Measures of tattoo characteristics and workplace outcomes were collected in a single survey. An analysis of data collected at different points would potentially provide a more definitive test of cause and effect.

Practical implications

On one front, organizations should establish grooming policies that specify what is acceptable with respect to tattoos. To help minimize personality-related tattoo stereotypes from influencing hiring decisions, organizations could use personality assessments to make the hiring process more objective. Moreover, diversity training could address tattoo-related stereotypes, bias and prejudice.

Originality/value

Even though prior studies have demonstrated that tattooed people are viewed as less suitable for employment, research focused on the relationship between tattoos and actual discrimination has been limited. The results from this study highlight that employees with tattoos may still be subject to maltreatment, despite the mainstreaming of tattoos.

Details

International Journal of Contemporary Hospitality Management, vol. 32 no. 5
Type: Research Article
ISSN: 0959-6119

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Article
Publication date: 13 February 2017

Jesper Verheij, Sandra Groeneveld and Lisette Kuyper

This purpose of this paper is to examine whether and how different diversity approaches of public, semi-public and private sector organizations affect negative treatment

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1339

Abstract

Purpose

This purpose of this paper is to examine whether and how different diversity approaches of public, semi-public and private sector organizations affect negative treatment experienced in the workplace. Broadly speaking, organizations might either approach diversity as a problem of inequality or as a resource and an added value for the organization. As such, a pro-equality and a pro-diversity approach can be distinguished which are both examined in this paper.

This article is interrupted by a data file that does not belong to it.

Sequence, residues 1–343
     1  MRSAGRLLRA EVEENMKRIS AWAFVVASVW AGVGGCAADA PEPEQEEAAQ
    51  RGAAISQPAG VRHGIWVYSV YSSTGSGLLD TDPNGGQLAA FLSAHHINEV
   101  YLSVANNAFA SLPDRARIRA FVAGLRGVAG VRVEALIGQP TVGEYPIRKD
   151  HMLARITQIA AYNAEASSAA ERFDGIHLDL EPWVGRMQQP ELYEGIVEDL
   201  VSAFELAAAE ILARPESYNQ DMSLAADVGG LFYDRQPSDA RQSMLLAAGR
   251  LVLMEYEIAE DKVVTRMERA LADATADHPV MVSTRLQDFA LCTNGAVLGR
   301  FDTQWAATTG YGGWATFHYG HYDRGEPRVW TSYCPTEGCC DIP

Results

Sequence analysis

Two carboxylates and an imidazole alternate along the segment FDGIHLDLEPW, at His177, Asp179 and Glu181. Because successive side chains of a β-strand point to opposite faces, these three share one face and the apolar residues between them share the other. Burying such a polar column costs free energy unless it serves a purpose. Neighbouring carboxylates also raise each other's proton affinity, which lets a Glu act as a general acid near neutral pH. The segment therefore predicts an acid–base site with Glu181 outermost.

Design/methodology/approach

In a quantitative study, structural equation modeling was used on survey data of a representative sample of Dutch employees.

Findings

Results show that while both approaches are negatively associated with negative treatment, the pro-diversity is most strongly so. Sector differences were less pronounced than expected, although employees across different sectors of employment benefit from both the approaches to a different extent.

Research limitations/implications

Further research examining the effect of diversity approaches to negative treatment across sectors is required. Suggestions for further research are discussed.

Practical implications

Looking at sector differences, the findings showed that employees across public, semi-public and private sector organizations benefitted from the diversity approaches to a different extent. Organizations across different sectors are therefore suggested to adopt different diversity approaches to combat negative treatment in the workplace.

Originality/value

Most studies either focus on a pro-equality or pro-diversity approach. The present study combines both and, moreover, pays attention to the way both approaches affect negative treatment experienced in the semi-public sector. Examining variation within the public sector is unique in the context of diversity research.

Details

Equality, Diversity and Inclusion: An International Journal, vol. 36 no. 1
Type: Research Article
ISSN: 2040-7149

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Article
Publication date: 10 August 2010

Robert Folger, Robert C. Ford, Mary Bardes and Duncan Dickson

The purpose of this paper is to present and partially test the triangle model of fairness (TMF) by examining employee reactions to customer fairness.

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1140

Abstract

Purpose